three huntsmen are after the same hare . . . .' 

"'You are mistaken, my child,' I replied, seizing the monk's 
idea. 'I am not a relation in the manner of the curates' 
nieces, and Dom Joseph is really my uncle. He respects me, 
and I hope he will make me respected by his colleagues.' 

"*0h, as to that, I think he does well in not showing you 
to the others.* 

"'That may be difficuh.* 

"*Dom Joseph says he will succeed all the same.' 

"*Has he told you what means he intends to employ?' I 
asked of the young girl, less with the idea of evoking a positive 
reply than to try and discover, from the extent of the confi- 
dence he placed in her, how far he had succeeded in resisting 
the charms of this worthy peasant-lass. 

"' No, madame, Dom Joseph told me nothing. But he is a 
cunning one, all the same, and when he takes up a thing he is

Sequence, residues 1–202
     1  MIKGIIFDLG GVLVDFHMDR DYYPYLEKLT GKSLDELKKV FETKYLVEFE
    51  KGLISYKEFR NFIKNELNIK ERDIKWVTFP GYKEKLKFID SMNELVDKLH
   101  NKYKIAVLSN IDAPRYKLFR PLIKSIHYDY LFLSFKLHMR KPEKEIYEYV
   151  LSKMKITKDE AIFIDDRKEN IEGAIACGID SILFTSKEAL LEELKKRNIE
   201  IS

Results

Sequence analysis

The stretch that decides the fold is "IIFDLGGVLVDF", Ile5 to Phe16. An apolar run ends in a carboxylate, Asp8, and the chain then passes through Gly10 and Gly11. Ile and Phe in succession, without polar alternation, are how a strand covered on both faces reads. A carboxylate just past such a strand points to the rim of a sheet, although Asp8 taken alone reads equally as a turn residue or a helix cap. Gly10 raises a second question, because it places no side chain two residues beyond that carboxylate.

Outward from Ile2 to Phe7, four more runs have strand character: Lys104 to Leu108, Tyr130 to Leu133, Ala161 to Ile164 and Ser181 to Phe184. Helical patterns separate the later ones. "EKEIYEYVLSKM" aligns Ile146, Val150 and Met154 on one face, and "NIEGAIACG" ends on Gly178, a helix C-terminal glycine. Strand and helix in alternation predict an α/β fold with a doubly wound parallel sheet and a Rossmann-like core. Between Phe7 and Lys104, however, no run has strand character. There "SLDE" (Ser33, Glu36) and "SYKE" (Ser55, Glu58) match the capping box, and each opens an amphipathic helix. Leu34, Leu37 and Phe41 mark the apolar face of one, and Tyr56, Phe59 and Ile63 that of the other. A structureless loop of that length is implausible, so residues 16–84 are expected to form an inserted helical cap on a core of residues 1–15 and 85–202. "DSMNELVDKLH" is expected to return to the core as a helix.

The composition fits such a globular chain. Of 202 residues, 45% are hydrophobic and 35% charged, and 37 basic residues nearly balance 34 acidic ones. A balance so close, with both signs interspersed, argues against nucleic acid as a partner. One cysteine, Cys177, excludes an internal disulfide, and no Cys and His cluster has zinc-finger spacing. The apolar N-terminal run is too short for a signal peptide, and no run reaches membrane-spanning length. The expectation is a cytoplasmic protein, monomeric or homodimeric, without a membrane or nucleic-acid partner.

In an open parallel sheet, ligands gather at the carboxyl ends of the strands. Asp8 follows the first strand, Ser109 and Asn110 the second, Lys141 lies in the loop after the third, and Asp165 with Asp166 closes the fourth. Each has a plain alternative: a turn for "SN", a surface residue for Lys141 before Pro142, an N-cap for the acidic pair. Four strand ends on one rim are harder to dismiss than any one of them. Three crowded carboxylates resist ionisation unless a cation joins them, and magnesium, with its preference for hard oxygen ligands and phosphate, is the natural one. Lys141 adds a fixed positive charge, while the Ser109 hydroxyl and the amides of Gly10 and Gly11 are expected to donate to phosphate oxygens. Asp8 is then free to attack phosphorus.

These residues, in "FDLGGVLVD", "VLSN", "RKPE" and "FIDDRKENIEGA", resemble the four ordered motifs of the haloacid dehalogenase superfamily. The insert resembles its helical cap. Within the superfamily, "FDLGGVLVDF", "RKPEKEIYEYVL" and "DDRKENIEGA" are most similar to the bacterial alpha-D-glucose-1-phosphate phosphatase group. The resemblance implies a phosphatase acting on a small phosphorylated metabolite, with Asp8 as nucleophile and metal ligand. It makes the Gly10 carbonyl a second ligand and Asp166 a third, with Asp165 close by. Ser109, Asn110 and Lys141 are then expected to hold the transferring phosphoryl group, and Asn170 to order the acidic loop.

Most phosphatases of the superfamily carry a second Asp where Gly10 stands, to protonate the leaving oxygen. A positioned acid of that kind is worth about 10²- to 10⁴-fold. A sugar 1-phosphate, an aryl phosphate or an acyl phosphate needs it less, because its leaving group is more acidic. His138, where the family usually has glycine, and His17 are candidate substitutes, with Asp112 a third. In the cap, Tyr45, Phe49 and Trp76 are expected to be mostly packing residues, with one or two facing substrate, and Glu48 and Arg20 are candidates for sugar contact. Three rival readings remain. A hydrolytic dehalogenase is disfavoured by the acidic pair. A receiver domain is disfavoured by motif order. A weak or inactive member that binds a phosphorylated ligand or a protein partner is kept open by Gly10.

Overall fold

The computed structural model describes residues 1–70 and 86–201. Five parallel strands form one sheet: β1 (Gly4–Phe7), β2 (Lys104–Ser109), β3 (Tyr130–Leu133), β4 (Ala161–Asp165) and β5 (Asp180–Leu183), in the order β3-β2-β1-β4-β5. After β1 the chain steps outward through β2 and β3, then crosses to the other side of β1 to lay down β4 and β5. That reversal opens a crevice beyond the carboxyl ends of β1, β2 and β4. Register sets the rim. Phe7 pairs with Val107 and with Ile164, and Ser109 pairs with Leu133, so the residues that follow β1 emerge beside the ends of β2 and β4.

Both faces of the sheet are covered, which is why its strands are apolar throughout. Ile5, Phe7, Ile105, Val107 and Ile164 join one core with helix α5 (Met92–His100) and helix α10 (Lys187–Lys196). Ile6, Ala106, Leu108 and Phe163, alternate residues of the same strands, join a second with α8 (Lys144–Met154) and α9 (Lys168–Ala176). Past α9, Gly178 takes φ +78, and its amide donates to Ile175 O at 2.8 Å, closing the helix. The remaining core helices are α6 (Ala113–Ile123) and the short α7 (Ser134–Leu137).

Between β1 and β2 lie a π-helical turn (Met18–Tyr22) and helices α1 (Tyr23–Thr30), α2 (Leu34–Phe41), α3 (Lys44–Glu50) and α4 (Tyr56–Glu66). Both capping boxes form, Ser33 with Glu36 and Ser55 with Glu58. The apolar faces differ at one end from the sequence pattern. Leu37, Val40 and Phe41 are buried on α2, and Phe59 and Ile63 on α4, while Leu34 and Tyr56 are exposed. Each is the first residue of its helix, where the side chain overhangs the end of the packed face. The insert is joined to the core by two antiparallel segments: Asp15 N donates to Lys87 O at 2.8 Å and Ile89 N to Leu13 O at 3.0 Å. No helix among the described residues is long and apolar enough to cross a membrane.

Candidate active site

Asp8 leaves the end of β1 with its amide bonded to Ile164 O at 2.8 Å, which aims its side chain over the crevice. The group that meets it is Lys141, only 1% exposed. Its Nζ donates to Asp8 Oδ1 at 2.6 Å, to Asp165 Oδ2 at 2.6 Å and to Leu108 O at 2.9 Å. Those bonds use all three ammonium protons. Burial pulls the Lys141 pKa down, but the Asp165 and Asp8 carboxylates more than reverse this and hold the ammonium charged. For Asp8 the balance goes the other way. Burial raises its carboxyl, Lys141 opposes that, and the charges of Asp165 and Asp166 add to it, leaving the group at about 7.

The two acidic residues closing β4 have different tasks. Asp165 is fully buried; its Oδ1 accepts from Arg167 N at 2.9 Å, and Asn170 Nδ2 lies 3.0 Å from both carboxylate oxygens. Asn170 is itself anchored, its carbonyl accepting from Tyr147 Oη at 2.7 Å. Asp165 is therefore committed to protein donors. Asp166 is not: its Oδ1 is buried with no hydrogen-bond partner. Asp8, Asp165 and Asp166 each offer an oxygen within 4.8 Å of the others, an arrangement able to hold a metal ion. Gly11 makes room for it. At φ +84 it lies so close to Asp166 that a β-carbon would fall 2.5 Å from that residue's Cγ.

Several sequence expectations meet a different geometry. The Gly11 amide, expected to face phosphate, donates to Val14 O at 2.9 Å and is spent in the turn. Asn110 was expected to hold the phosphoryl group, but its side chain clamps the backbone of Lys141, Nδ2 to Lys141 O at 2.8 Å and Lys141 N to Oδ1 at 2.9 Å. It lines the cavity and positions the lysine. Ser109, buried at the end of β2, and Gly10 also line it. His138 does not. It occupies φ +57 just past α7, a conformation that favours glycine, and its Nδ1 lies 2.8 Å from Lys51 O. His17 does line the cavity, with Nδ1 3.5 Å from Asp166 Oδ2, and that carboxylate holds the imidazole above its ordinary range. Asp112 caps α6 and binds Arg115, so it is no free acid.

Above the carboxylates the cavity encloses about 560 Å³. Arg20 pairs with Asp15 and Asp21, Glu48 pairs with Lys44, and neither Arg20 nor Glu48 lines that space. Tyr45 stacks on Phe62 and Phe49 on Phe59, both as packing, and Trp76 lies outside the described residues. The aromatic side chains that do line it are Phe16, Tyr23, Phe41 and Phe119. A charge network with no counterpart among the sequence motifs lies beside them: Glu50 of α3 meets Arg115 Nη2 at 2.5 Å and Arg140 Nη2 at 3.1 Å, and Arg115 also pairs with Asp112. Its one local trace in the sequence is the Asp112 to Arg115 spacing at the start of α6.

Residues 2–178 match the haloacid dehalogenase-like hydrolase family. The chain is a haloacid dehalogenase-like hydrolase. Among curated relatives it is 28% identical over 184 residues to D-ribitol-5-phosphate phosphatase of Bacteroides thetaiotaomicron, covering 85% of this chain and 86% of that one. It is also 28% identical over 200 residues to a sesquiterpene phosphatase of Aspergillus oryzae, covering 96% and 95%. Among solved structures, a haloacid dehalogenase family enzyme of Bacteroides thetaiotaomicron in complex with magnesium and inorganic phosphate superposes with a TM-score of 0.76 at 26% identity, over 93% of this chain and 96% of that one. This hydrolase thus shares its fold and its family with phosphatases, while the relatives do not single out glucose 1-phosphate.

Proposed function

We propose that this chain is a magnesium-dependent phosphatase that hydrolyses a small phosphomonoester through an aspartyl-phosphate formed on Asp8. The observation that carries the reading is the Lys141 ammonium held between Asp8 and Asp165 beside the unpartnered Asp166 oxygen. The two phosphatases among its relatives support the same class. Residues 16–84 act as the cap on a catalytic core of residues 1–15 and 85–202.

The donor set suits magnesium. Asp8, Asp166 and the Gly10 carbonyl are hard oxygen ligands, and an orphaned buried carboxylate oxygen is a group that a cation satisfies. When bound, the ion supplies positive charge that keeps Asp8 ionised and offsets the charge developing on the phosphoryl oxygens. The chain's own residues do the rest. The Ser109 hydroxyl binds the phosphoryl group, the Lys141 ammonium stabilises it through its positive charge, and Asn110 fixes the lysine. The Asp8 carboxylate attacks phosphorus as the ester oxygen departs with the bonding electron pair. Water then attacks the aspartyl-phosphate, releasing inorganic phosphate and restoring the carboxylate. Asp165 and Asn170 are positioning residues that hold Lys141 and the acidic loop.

pretty certain to carry it through.* 

"*0h, oh,* said I, munching a fried salsify, and pretending 
not to attach the slightest importance to my question, 'has my 
uncle ever tried his skill on you, my dear child?' 


" * Holy Virgin, never ! ' replied the girl in a tone which 
proved to me that dissimulation is bom under the cottage 
beneath the old oak-tree as well as in the tumult of great 
cities. But I had seen the damsel blush, and I thought, Dom 
Joseph, you must be watched ! 

"When I had finished supper, the young girl, who told 
me her name was Nanette, went to the wall opposite that which 
concealed ' the library,' and touching an almost invisible spring, 
raised the wall-paper as quickly as though it had been a blind, 
and I saw that it had covered a door, which Nanette opened. 

" * This is your room, madame, ' said she, going before me, 
with a candle in either hand. 

"I beheld a bedroom such as Mademoiselle Guimard in her 
best days might have longed to possess.